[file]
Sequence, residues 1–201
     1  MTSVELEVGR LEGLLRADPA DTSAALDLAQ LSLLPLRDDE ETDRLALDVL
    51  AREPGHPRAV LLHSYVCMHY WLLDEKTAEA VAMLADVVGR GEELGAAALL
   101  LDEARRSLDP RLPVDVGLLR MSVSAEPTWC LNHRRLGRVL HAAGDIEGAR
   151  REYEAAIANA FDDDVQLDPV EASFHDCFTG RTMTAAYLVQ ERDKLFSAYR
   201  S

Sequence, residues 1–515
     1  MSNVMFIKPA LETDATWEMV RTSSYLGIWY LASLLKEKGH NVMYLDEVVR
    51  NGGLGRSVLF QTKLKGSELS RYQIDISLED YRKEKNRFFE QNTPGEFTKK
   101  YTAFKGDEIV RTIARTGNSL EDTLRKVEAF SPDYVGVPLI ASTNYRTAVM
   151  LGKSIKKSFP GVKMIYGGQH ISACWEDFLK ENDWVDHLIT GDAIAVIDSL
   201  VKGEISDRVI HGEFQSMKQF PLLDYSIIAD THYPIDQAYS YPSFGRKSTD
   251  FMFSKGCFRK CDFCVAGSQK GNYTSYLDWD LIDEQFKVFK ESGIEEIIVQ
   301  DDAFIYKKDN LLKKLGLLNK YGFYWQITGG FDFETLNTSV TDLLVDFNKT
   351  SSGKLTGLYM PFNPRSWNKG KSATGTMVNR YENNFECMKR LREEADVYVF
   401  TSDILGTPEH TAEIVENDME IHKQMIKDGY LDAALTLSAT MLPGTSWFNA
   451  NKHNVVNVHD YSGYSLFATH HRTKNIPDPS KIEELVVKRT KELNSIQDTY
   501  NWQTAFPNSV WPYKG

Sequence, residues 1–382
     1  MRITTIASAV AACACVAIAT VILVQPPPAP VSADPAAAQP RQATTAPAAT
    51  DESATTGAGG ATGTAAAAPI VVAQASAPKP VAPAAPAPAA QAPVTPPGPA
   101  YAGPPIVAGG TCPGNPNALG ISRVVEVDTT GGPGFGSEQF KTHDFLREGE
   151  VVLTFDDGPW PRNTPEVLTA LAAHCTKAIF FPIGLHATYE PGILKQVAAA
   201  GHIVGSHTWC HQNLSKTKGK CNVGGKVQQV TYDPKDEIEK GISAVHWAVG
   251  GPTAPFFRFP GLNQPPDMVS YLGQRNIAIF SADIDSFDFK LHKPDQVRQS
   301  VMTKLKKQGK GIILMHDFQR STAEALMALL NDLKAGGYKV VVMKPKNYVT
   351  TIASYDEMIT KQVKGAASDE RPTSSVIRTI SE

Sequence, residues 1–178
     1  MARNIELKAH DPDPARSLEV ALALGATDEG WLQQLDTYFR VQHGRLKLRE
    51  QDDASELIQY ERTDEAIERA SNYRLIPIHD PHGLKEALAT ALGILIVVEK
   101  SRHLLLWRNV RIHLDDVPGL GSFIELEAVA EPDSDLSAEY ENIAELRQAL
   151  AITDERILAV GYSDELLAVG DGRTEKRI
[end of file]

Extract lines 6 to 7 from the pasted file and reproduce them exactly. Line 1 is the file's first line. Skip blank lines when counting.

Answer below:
   201  S

Sequence, residues 1–515